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practice as if it were new, and they and Mr. Makin attribute it without hesitation to poverty, consequent upon the present state of hand-loom weaving. Here I beg my reader's attention to this fact, that during six years and a half that I have sat, I may say without intermission, as a magistrate, I have watched very narrowly, and I have not discovered one single case of crime committed from poverty, in the sense the word is commonly used. It is the excuse constantly alleged, and often received, and, according to mere appearance, reasonably received; but I have no hesitation in saying, that poverty, properly so called, does not produce crime, but that it is produced by a love of indulgence without sufficient industry to command the means of honestly gratifying it. It is true, in hard times there is often an increase of crime, because more industry is required; but still it is to gratify indulgence, and not to supply necessity. Even where the necessities of life, such as bacon, cheese, potatoes, &c. are purloined by apparently poor women, who frequent provision shops at the times when business is at the height, the thefts are all committed, as far as my experience goes, by a regular class of performers, who calculate upon not being detected, or, if detected, upon being let off. Sometimes petty thefts are committed, in order to purchase gin, sometimes to supply those articles which should have been purchased with the money spent in gin, but indulgence is ever the moving cause. I mention these particulars, because the quantity of misplaced compassion shown for petty delinquencies is the greatest encouragement to their commission. I confess I could not help being surprised at the Committee's simplicity in being so much shocked at hearing that manufacturers of considerable means were found to purchase embezzled materials, and that they should look upon it as a new practice, at least to its present extent. I am afraid it is far from new, and that some large fortunes, both in the silk and cotton trade,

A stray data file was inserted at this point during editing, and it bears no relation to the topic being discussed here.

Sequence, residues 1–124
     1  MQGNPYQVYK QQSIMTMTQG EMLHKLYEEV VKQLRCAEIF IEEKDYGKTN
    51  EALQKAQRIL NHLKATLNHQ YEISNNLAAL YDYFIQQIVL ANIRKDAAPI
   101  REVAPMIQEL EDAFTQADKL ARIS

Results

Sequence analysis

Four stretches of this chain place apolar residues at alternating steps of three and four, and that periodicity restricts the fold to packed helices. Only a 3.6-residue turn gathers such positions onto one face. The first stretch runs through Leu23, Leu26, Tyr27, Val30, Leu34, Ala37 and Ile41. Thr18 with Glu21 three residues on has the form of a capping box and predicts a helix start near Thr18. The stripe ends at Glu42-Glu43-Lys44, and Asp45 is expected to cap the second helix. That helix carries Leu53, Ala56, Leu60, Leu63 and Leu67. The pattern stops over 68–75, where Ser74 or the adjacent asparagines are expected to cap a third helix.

have been accumulated by that, and other practices, not less dishonourable.

I cannot think that the neglect of divine worship is a corollary to the state of the weavers described by Mr. Makin; for I believe it has always been too much the case with that class; at least, wherever I have seen them it has been so, and I should rather say, their condition is a corollary to their neglect of divine worship. That blasphemous writings and speeches should, in their neglected state, meet with some attention is not to be wondered at; because, as the mind cannot lie altogether sterile, if pains are not taken to sow good seed, weeds will take root; and it was this consideration that induced me to address the letter to the Bishop of London on the observance of the Sabbath, which is inserted in my fourth number. I am convinced that without some such plan the spiritual wants of the many will never be supplied, and that till they are, it is in vain to expect their temporal good discipline. With Mr. Makin, I attribute the state he describes to no innate vices and infidelity of the people, but I cannot agree with him, that it is solely owing to a recklessness origi nating in want and despair, because I see it exist in the same degree where there is neither want nor despair. My opinion I have stated in the article on government in my second number in the following words: "In my observation of even the worst part of mankind, I see so great an aptitude for the right path, and so little aberration, considering the quantity of neglect, that I feel confident an adequate enforcement of the real English principles of government, combined with our advanced state of civilisation, would produce moral results, as unthought of and as incalculable, as have been the physical results from the application of steam." In the year 1817, I endeavoured to dissuade the weavers in my then neighbourhood from bringing up their children to their own calling, being convinced that power-looms would eventually supersede

hand-looms; and though I have no doubt but that there are great exaggerations of the difficulties which the present race have to contend with, yet it must be supposed that they are in a state far from desirable. But what effect could any bolstering up the trade have, unless to keep those employed in it in a lingering state, necessarily growing worse and worse? False hopes only weaken that elasticity of human nature, which can extricate men from far greater difficulties than any produced by the gradual changes arising from improvements in machinery; and if the weavers who are now suffering, were only convinced that nothing can be done for them in the way they ask, they would soon exhibit a very different tone from that, which they will think their policy, as long as ignorance of sound principles, motives of self-interest, or a love of popularity can find them supporters. Their real friends must pursue a very different course if they intend to serve them.